Parkinson’s’ Disease

Clinical guidelines suggest that a multi-disciplinary approach is ideal for battling Parkinson’s disease. Muscle strength training and mobilisation will help in increasing speed and amplitude of movements. Functional activities independently or in group would build up stamina. Aerobic, learning-based and random practice exercises are the best rehabilitation exercises for those suffering from Parkinson’s disease. While aerobic exercise enhances oxygen delivery, keeping heart, lungs and nervous system healthy, learning-based exercises are neuroprotective in ageing individuals suffering from neurodegenerative diseases.

Exercises performed in a warm swimming pool are extremely beneficial for patients suffering from Parkinson’s disease. “The buoyancy of water provides support to weak muscles, improves posture and balance, and allows you to move freely without the risk of falling. Strength and endurance training with gentle movements is achieved with light water currents in the pool. Stretching exercises for Parkinson’s patients are extremely useful to reduce stiffness, improve mobility, posture, gait and balance. Hamstring stretch, calf stretch, shoulder stretch, tandem walking (heel-to-toe walk), one leg stand are exercises that can help. People with Parkinson’s disease must exercise four to five times a week to delay the progression of the disease. If you start exercising when you get diagnosed with the disease, it’s more likely to prevent the disease’s progression,” avers Badr.


Fitness and Mobility Exercise (FAME) Program is a community-based customised exercise programme, designed especially for those who have standing and walking disabilities due to stroke. “FAME aids in enhancing the amount of physical activity in people with stroke and reduce the risk of secondary complications like falls, fractures, heart disease and dementia. It also improves fitness and mobility after stroke. The exercises should be done for 30 to 40 minutes four or five times a week,” says Hari. “Knee extension and seated matching for the legs can be performed at home with self-body weight. Leg raises or reverse crunches are very effective for building core strength. For arms and shoulder strength, exercises such as unweighted bicep curls, front raises, external rotation, and wrist curls would be advisable,” says Merchant. FAME is a community based exercise programme implemented mostly by physiotherapist, occupational therapist, and exercise physiologist, who have strong knowledge base on client’s clinical condition in handling post-stroke survivors. FAME – Is a tailor made group exercise protocol to optimise physical ability of people living with post-stroke and minimize the risk of secondary complications such as falls, fractures, and heart disease. The main focus is to address impairments such as muscle weakness, slowness of movement, balance through functional strengthening, agility and fitness exercises, balance inducing exercises in paced manner.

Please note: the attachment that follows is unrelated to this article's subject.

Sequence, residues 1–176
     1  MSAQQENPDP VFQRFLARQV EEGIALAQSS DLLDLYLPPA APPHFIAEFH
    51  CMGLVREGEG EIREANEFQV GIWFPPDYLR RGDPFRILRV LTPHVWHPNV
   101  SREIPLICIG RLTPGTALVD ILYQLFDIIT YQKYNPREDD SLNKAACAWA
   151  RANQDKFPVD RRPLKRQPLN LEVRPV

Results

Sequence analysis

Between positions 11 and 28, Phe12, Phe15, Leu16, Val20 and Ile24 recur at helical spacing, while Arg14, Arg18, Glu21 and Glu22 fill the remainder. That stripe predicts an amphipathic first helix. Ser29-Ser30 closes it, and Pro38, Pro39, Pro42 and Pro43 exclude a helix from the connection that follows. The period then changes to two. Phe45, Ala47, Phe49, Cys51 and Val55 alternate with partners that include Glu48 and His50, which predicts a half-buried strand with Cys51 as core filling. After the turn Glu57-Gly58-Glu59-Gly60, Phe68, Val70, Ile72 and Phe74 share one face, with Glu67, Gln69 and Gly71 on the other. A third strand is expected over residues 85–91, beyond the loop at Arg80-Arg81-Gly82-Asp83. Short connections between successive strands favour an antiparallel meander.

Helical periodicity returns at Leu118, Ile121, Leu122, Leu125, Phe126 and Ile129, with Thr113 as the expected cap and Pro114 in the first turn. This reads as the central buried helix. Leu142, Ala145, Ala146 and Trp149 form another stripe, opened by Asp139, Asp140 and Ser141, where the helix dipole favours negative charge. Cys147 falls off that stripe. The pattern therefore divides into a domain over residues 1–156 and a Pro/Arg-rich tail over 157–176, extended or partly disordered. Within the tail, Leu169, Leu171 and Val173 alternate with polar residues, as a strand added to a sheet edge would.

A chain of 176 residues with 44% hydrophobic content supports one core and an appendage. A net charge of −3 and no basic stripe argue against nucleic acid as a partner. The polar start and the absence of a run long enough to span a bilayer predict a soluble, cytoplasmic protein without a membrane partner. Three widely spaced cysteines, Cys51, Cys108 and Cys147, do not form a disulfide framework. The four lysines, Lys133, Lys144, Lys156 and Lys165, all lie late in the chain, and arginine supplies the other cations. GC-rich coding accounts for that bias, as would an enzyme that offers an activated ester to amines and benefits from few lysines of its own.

Spine issues and slip disc

Any spine related injury or a weak back, or slip disc requires immediate rehabilitation as they cause spasticity, which means that your muscles and joints become tight and stiff. It is important to keep moving in order to prevent spasticity. “Core strengthening exercises are best for those suffering from spine issues as it targets muscles like abdominal, hip and back muscles that support the spine, pelvis and shoulder and provides a strong foundation for movement in the extremities. It enhances general performance, keeps recurrent injuries at bay and improves lower back pain. Knowledge on good posture and proper body mechanics are required to do this set of exercises. It must be done for 30 to 40 minutes, three to four times a week,” says Hari.

It is vital to improve your flexibility through passive range of motion exercises Passive stretches are done post workout. Passive stretching means holding a position and stretching to the farthest point and hold that stretch upto 15-20 seconds in which you don’t need to put a lot of effort. “Stretching exercises should be held for 20-30 seconds and repeated two to five times. Some exercises can be done without equipment with self-body weight under expert guidance to regain spine health. These exercises are shoulder flexion and extension, shoulder abduction, elbow flexion and extension, hip and knee flexion, hip abduction, neck flexion and extension, supine shoulder stretch, hip and knee bend, seated hamstring stretches and prone Superman stretches,” explains Merchant.